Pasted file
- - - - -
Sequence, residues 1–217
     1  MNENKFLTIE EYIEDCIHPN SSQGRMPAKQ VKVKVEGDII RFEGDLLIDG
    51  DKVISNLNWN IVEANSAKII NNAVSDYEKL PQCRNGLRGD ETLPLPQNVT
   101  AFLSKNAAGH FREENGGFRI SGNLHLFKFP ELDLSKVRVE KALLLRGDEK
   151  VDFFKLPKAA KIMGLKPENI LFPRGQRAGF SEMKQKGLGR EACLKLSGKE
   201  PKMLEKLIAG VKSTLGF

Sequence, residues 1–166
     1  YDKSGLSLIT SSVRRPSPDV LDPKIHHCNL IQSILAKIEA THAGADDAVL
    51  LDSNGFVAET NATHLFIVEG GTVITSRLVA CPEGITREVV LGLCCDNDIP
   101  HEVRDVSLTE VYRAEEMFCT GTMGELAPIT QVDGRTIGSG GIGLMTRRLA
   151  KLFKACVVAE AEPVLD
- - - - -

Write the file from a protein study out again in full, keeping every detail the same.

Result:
Sequence, residues 1–217
     1  MNENKFLTIE EYIEDCIHPN SSQGRMPAKQ VKVKVEGDII RFEGDLLIDG
    51  DKVISNLNWN IVEANSAKII NNAVSDYEKL PQCRNGLRGD ETLPLPQNVT
   101  AFLSKNAAGH FREENGGFRI SGNLHLFKFP ELDLSKVRVE KALLLRGDEK
   151  VDFFKLPKAA KIMGLKPENI LFPRGQRAGF SEMKQKGLGR EACLKLSGKE
   201  PKMLEKLIAG VKSTLGF

Sequence, residues 1–166
     1  YDKSGLSLIT SSVRRPSPDV LDPKIHHCNL IQSILAKIEA THAGADDAVL
    51  LDSNGFVAET NATHLFIVEG GTVITSRLVA CPEGITREVV LGLCCDNDIP
   101  HEVRDVSLTE VYRAEEMFCT GTMGELAPIT QVDGRTIGSG GIGLMTRRLA
   151  KLFKACVVAE AEPVLD